*Photo Credit – Sonya Dalrymple
How Has Housing Changed in Summit County?
Summit County housing, like all mountain towns in Colorado, and all resort areas in the country, changed in dramatic and unprecedented ways due to the COVID-19 pandemic and double digit appreciation in the real estate market everywhere.
What did the migration of so many second home owners and vacation property buyers do to our demographics?
How will it change our communities and our work force?
While resort area housing has always been expensive, how is the last year different?
And how do we continue to balance the needs of local workers, housing demand, vacation home owners, and our ever increasing tourist population?
What happens when our housing stock is converted from long term occupancy to short term rentals?
These are not easy questions, and these issues have come to the forefront in the last 6-12 months. If this is a topic that is of interest to you, I have collected some resources you will find interesting, and below is a full Mountain Migration Report to download if you’d like.
Summary from 4 Points Funding and their approach
SDN (Summit Daily News) article about mountain migration report
Summit Government looks at affordable housing crisis
Article from NAR (National Association of Realtors) about second homes
AirDNA report of travel and stays in AirBNB properties from Covid-19
SDN: Real Estate Boom shows no signs of slowing
Let me know if you have any questions or would like to discuss any of these further.
Mountain Migration Report Released
Are COVID Impacts on Housing and Services Here to Stay?
The Mountain Migration Report: Are COVID Impacts on Housing & Services Here to Stay, is a study of the recent influx of people residing in mountain communities, a trend that coincides with a boom in remote work and the COVID pandemic. The survey seeks to quantify what appeared to be unusually full occupancy for many communities throughout the year, and asks, was it indeed a trend, and if so, who were the migrants? It studies the demographics and long-term intent of migrants and how their influx is shaping these places. The focus group portions of the study seeks input on the trend from the real estate and property management professionals. The report concludes that the in-migration is occurring, and that there are significant long-term implications for communities which ought to be addressed.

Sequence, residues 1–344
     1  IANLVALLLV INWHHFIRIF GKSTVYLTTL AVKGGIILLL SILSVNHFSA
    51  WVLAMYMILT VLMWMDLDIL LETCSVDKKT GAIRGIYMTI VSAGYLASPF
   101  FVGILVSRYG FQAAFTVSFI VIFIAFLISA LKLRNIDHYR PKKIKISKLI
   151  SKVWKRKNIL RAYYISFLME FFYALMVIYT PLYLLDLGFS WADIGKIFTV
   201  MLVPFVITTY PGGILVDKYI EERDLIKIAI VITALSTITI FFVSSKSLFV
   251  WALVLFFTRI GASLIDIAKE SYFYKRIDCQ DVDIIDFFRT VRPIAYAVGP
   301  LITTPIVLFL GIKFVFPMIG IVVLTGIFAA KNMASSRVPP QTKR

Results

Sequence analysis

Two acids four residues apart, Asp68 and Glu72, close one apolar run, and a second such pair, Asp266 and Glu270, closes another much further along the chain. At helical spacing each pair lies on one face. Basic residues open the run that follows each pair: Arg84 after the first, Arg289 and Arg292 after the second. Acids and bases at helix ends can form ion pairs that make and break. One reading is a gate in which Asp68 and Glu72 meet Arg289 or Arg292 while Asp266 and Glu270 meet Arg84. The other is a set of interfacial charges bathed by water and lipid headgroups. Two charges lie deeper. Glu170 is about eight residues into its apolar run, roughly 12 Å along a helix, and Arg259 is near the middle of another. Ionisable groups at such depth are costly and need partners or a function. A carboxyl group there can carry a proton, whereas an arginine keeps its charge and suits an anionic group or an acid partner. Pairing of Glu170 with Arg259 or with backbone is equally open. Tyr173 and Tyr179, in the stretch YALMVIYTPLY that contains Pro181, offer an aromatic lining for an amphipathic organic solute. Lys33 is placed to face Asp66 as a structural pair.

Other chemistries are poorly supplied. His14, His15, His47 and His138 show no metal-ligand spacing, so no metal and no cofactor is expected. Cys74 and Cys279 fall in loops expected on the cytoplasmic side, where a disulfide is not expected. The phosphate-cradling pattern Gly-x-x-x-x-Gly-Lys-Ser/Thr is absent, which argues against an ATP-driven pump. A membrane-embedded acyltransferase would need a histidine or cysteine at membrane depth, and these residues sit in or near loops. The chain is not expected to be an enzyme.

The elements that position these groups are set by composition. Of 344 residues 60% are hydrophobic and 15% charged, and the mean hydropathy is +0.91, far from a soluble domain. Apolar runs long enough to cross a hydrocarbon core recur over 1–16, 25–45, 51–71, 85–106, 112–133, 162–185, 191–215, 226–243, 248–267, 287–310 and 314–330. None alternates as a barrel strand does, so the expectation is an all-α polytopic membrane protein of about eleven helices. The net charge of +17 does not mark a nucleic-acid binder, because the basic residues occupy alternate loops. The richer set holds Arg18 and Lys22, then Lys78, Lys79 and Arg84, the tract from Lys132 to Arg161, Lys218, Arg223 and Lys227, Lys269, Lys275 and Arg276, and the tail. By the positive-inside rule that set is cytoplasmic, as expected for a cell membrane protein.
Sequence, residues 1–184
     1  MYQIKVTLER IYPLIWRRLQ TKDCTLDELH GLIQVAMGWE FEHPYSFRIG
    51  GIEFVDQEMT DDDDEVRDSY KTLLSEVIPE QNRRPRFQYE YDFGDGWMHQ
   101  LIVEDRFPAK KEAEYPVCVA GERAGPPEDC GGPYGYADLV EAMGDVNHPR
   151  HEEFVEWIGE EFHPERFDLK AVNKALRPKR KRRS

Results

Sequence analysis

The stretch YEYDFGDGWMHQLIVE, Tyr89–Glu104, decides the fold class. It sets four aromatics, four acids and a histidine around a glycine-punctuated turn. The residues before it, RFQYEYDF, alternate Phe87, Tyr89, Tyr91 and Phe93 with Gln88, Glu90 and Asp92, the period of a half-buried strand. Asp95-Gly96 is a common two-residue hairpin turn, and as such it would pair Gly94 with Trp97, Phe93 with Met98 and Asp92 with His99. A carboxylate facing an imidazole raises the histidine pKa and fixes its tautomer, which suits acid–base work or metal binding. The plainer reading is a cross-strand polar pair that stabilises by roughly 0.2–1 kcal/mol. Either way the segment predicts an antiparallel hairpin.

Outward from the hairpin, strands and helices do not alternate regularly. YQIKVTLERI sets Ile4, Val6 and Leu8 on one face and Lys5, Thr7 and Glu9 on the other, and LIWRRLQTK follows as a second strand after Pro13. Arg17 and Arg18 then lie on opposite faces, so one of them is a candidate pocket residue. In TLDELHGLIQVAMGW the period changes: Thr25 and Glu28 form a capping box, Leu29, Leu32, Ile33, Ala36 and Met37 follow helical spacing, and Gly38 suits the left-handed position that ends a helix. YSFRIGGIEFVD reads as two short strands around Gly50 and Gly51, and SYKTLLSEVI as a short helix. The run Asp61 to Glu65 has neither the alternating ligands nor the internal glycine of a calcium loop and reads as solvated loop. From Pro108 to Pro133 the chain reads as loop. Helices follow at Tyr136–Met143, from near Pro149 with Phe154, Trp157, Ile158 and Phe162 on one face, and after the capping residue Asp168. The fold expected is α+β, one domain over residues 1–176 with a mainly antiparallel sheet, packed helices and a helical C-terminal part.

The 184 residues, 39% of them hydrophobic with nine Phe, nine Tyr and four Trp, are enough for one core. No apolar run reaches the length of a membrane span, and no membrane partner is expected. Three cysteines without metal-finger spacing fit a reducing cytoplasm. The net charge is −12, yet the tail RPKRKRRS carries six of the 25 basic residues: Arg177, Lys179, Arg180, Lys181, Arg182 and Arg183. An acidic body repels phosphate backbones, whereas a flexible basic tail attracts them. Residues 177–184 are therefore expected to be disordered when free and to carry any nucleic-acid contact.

The report is a joint effort of Northwest Colorado Council of Governments (NWCCOG) and Colorado Association of Ski Towns (CAST). The project was scoped with the help of the consultants, Wendy Sullivan of WSW consulting and Melanie Rees in September of 2020. Following a grant award for the project to NWCCOG from the Colorado Department of Local Affairs (DOLA) in December, the project launched in late January, assembling a working group from across the study area to provide input on the survey questions and implementation plan. The survey opened the first week of March and was open through the month, eventually receiving over 5,000 responses from a diverse group across the 6-county survey area. Focus groups of realtors and another of property managers were led by the consultant team who also relied upon an extensive network of title company professionals for data. The report is available as a PDF at both NWCOG and Colorado Ski Towns.
Each of the communities in the study was already grappling with a lack of workforce and workforce housing. The Mountain Migration trend magnified those and other issues. Some of the key findings include:
- Many newcomers are working although often times their employers are not within the county. The average household income for newcomers is much higher than households whose employment is generated within the county.
- Rental availability is low while rents have skyrocketed. Fewer tools exist for communities to address the impacts to the rental market than the affordable ownership market.
- Newcomers utilize and value services similarly to long-term residents, but higher occupancy has implications for infrastructure, schools, and community organizations.
- Full-time resident workers whose employment is generated locally are losing ground in their ability to rent or own housing.
- Higher occupancy has direct impacts to quality of life such as crowding throughout the community and in the back country.
The findings of this report should help local leaders better understand current trends and motivate them to address evolving community needs. While the data was gathered from six Colorado mountain resort counties, the results should provide widespread insights for other high amenity places throughout the Mountain West. In Colorado, most solutions are local, but many of the impacts outlined in this report can only be addressed through regional and state -level cooperation, and in some cases structural changes to policy, practice, and law.
— Margaret Bowes, Executive Director – Colorado Association of Ski Towns